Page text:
The endgame appears to have begun for the protests in Bangkok, as security forces take an increasingly hard line and casualties are mounting. There is no doubt that the government had to take action, as the impact of the protests has started to cause real damage to the Thai economy. With some estimates forecasting a drop of up to 3 percent in the GDP this year and up to $6 million a day lost by the businesses in the city center alone, the government feels their actions are necessary to protect the economy. But the tactics being used may cause even more lasting damage.
Tourism makes up 6 percent of the Thai GDP, and scenes of serious disorder and soldiers firing live rounds in central Bangkok are currently being seen in the homes of potential tourists all over the world. This may deter people from travelling to Thailand for years to come. The unfortunate fact is that the Thai Police and Army have had the equipment and manpower required to end the commercial district occupation since it was occupied on April 3 without the loss of life we are now seeing. The only thing they have been missing is the appropriate tactics and training to conduct the mission.
Following the failed attempt to clear Phan Fah Bridge on April 10 and the resulting casualties, the Army in particular appears to have abandoned the U.S. police-style tactics they had been using to that point. They resorted to the tactics they were widely criticized for using in April 2009. The numbers now being killed and injured are a direct result of this incident. That failure resulted from U.S.-style tactics not being appropriate for the level of violence they faced and in particular the mix of peaceful protesters, violent rioters and those prepared to use lethal force, such as firearms and hand grenades.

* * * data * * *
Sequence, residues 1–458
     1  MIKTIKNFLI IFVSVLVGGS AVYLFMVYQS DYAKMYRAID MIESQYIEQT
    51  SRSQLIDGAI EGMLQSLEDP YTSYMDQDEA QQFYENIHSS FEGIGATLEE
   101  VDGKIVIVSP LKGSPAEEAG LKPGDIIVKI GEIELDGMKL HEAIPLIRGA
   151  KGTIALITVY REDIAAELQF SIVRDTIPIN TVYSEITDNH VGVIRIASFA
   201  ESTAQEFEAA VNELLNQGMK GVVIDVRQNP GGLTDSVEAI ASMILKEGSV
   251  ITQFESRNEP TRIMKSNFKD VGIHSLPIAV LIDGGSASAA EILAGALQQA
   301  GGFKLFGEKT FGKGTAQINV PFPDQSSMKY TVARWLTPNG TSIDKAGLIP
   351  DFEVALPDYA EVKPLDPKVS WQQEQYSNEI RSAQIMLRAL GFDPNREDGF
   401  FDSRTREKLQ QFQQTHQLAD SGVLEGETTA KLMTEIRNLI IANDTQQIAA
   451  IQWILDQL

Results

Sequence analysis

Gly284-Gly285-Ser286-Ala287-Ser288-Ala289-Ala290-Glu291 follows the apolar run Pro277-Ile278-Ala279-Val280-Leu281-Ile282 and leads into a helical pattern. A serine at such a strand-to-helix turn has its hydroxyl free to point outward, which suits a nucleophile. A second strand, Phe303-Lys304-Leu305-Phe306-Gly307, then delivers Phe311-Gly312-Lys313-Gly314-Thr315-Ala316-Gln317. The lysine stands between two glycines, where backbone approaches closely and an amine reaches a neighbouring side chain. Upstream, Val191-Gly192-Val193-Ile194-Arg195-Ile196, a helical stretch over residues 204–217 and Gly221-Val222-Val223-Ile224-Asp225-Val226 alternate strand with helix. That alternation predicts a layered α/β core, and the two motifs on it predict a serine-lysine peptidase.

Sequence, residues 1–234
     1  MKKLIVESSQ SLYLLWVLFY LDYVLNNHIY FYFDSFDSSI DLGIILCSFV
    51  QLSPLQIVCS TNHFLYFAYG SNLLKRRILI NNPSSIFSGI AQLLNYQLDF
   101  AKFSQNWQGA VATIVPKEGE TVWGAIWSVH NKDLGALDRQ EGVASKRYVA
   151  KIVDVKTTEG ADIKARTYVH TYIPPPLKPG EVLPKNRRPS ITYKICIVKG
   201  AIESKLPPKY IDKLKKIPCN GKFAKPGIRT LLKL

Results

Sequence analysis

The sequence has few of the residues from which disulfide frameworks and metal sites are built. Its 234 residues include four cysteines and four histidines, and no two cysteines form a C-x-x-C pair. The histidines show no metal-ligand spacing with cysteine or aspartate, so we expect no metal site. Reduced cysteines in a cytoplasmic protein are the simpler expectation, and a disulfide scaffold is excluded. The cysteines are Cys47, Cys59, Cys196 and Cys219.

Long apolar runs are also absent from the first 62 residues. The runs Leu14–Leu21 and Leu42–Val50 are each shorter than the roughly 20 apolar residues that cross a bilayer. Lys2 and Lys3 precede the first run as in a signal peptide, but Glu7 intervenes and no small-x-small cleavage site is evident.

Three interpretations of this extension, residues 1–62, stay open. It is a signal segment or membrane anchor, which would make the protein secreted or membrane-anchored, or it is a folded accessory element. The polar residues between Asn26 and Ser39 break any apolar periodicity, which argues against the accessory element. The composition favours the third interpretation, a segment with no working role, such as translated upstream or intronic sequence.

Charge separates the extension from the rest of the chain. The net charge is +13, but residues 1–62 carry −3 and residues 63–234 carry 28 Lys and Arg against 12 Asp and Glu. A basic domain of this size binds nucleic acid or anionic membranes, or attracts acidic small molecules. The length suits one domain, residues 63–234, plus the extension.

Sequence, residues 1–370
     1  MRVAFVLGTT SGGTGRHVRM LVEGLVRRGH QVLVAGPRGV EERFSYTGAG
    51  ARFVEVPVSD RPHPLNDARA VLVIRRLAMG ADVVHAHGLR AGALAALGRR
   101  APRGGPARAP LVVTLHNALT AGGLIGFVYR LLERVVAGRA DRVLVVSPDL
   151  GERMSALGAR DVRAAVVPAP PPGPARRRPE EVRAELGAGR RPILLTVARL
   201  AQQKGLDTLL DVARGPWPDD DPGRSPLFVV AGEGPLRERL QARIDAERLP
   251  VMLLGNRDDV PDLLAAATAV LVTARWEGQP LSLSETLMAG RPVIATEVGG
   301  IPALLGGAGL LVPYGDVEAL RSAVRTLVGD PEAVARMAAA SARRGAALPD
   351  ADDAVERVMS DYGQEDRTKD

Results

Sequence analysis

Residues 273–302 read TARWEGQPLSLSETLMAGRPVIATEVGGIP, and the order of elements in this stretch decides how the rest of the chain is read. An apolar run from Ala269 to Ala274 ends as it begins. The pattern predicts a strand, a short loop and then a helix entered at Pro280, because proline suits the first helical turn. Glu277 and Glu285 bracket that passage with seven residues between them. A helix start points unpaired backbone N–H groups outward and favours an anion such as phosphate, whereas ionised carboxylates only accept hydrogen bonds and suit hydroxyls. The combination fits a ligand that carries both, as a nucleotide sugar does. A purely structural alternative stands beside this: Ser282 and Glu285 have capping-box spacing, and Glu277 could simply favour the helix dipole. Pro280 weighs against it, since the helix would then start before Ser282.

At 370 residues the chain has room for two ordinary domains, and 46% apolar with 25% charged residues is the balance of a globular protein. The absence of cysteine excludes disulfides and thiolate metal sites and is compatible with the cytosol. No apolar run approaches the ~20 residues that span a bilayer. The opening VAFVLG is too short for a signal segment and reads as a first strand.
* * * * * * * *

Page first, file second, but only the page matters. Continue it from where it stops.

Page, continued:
There are few organizations that have faced this type of mixed lethal and nonlethal threat, but in Western democracies, those that have faced it have been capable of designing tactics and procedures that enabled them to deal with this form of rioting without resorting to an indiscriminate use of lethal force. The appropriate use of vehicles, faster, more dynamic tactics and better use of their water cannon could have prevented most of the injuries and deaths we have seen and many of those that are still to occur.
The lessons here are that the training and tactics for dealing with disorder must be designed to suit the type of threat you face in your country or city – the organizational culture, political environment, equipment and other factors. Using tactics simply copied from elsewhere will create more problems than it solves and place not only the police officers at risk but also protesters and bystanders. All police departments must be able to manage the escalation and de-escalation of the crowd, and keep their own actions from causing or escalating violence. Thailand’s failure to learn that lesson after last year’s protests is proving costly in terms of lives, and it is likely to be equally costly economically in the future.